Book Review – Site Specific

 

Editor: Karen Forbes (ORO Editions, 2015)

Site Specific: Conversations with Peter Zumthor, Steven Holl, Róisín Heneghan, Bjarne Mastenbroek, Bjarke Ingels, Joshua Prince-Ramus, Patrik Schumacher, Kjetil Thorsen, Craig Dykers, and Harry Gugger, is a collection of interviews between editor and Professor of Art at University of Edinburgh, Karen Forbes, and internationally renowned architects on the role that “site” plays in their work processes. While the title is a handful, the book itself is composed of extremely digestible four to seven-page interviews with each architect: each book-ended by images featuring relevant projects to the respective architects’ firms’ bodies of work.

Site Specific is not introductory reading on the methods or importance of understanding site in designing the built environment. It is instead, a high-level and nuanced set of conversations with highly acclaimed architects which attempt to reveal different modes of working or understanding the concept of a site in architectural practice. Ironically, the more site-specific the projects under discussion were, the more difficult some of the interviews were to follow. The book requires a prerequisite depth of knowledge about each architects’ body of work, or else a laptop at hand to simultaneously browse their firms’ websites while reading, to make up for a lack of images (not every project mentioned is pictured).

The strength of the interview format lies in it’s raw, unedited narratives of designers telling their own stories. Where readers must put in a little more work to understand the scope, location, and context of the projects discussed and the interviews themselves, we are rewarded with the ability to distill our own interpretations of the narratives. This is a quality easily confounded by high-praising third-party authors of architectural monographs.

Forbes structures the book by beginning with an abstract from Peter Zumthor, and transitions from more traditional interpretations of site as the property on which the architectural object stands (Steven Holl, Steven Holl Architects), scaling up to illustrate working methods that define the site as a country with existing economic, cultural, or material patterns (Bjarne Mastenbroek, SeARCH), or even the building itself as the site to bear witness to future social movements and broad public aspirations (Kjetil Thorsen and Craig Dykers, Snøhetta).

Central to the curation of the conversations are the various processes in which architects create and respond to restraints and create parameters for design: also referred to as form-finding (Holl), composition (Zumthor), coding affiliations (Patrik Schumacher, Zaha Hadid Architects), and translocation (Joshua Prince-Ramus, REX).

Forbes ties a few threads between the chapters, one being the Munch Museum competition in Oslo, which several of the interviewees participated in, and another more subtle provocation asking the architects to define their position after modernism and post-modernism. In this way, the book highlights the growing role of the architectural competition in generating commissions, as it did for Róisín Heneghan (Heneghan Peng Architects), while attempting to define contemporary architectural movements in Europe and America.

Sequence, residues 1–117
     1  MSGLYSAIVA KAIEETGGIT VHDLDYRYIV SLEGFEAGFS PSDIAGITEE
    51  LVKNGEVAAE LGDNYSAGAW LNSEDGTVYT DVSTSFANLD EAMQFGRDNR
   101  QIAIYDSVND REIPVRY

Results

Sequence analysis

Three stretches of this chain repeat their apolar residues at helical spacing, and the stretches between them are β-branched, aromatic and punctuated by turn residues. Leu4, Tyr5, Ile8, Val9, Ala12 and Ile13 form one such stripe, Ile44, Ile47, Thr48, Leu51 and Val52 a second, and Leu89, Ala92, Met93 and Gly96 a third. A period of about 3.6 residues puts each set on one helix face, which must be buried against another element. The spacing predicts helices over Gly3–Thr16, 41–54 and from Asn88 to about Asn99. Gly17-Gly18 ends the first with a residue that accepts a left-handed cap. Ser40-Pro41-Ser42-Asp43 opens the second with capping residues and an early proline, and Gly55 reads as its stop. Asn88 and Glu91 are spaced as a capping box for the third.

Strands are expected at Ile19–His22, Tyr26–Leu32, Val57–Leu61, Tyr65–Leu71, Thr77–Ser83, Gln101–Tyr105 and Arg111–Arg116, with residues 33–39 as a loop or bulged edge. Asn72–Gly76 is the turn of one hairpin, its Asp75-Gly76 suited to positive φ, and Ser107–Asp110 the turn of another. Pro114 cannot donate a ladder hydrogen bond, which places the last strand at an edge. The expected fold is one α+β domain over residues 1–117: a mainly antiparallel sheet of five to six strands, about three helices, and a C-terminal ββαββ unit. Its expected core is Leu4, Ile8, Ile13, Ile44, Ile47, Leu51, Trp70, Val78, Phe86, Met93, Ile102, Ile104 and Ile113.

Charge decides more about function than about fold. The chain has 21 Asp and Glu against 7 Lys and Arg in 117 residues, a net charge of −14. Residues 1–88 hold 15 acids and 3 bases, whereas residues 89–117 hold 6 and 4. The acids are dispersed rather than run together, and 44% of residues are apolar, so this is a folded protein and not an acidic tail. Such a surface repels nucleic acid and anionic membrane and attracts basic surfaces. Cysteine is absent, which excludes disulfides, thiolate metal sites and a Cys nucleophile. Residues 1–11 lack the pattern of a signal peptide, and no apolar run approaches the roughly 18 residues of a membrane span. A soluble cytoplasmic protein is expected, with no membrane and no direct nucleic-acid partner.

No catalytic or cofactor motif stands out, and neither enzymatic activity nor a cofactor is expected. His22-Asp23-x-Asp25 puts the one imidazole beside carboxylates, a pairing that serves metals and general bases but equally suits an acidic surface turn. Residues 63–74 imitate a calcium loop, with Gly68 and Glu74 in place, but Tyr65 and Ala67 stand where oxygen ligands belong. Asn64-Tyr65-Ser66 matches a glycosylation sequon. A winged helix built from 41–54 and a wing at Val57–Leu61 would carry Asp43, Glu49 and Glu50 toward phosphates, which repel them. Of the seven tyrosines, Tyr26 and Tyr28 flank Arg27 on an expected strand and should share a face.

To me, the most interesting examples were Bjarke Ingels’ (BIG) and Prince-Ramus’ (REX Architecture) ideas of evolution, adaptation, and translocation of projects originally designed for a different site being successfully translated onto another. They rightly emphasize the importance of continually testing, re-adapting and transforming ideas, and recognizing patterns to revive “dead projects” – suggesting that the original site a building is designed for may not necessarily be the best possible place or set of contextual conditions for it to come to life.

Another progressive theme sees architects defending work that was/is critiqued for being out of context or scale on the present “site”. By categorizing their new buildings as part of a new “site,” they elucidate architecture’s role in helping spur economic development, create new types of social space, or reframe preconceived notions of making. Sites are never static, even after the building has finished construction.

Both can be interpreted as instances where an architect has failed to fulfill a very romantic idea of creating buildings which everyone agrees fits the site or meets the brief. More often than not, the architects featured in Site Specific are dilettantes (Harry Gugger, Harry Gugger Studio) or forward thinkers concerned with challenging the status quo. Their sensitivity to the conditions of the places in which they work and the relationships they cultivate with their clients are evident in their work.

Forbes is clearly a well-travelled and well-researched editor, having visited nearly all of the works discussed and with some idea of the project background and/or client. She is at an advantage to the readers who can only understand many projects through the reproduction of images: itself an obstacle in truly understanding a site and assessing it’s architectural response. This being the case, Site Specific deserves to be read twice: once for inspiration, and again during architectural pilgrimages, on-site.

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If you want more information on Site Specific, visit the ORO Editions website.

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Shelley Long is a landscape designer interested in cross-disciplinary collaboration in environmental design, Canadiana, and placemaking through spacemaking.